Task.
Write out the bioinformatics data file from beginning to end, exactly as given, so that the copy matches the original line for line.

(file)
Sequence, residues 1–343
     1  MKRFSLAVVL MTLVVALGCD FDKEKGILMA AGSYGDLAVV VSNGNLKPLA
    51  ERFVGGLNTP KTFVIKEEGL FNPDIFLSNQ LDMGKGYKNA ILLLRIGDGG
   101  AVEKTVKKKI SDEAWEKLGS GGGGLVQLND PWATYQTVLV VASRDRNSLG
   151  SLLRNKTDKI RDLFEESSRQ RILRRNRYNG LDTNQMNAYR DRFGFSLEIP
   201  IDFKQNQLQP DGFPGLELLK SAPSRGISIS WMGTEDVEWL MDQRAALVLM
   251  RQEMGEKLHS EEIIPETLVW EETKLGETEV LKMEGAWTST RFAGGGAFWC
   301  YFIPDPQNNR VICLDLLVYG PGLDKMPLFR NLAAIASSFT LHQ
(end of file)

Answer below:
Sequence, residues 1–343
     1  MKRFSLAVVL MTLVVALGCD FDKEKGILMA AGSYGDLAVV VSNGNLKPLA
    51  ERFVGGLNTP KTFVIKEEGL FNPDIFLSNQ LDMGKGYKNA ILLLRIGDGG
   101  AVEKTVKKKI SDEAWEKLGS GGGGLVQLND PWATYQTVLV VASRDRNSLG
   151  SLLRNKTDKI RDLFEESSRQ RILRRNRYNG LDTNQMNAYR DRFGFSLEIP
   201  IDFKQNQLQP DGFPGLELLK SAPSRGISIS WMGTEDVEWL MDQRAALVLM
   251  RQEMGEKLHS EEIIPETLVW EETKLGETEV LKMEGAWTST RFAGGGAFWC
   301  YFIPDPQNNR VICLDLLVYG PGLDKMPLFR NLAAIASSFT LHQ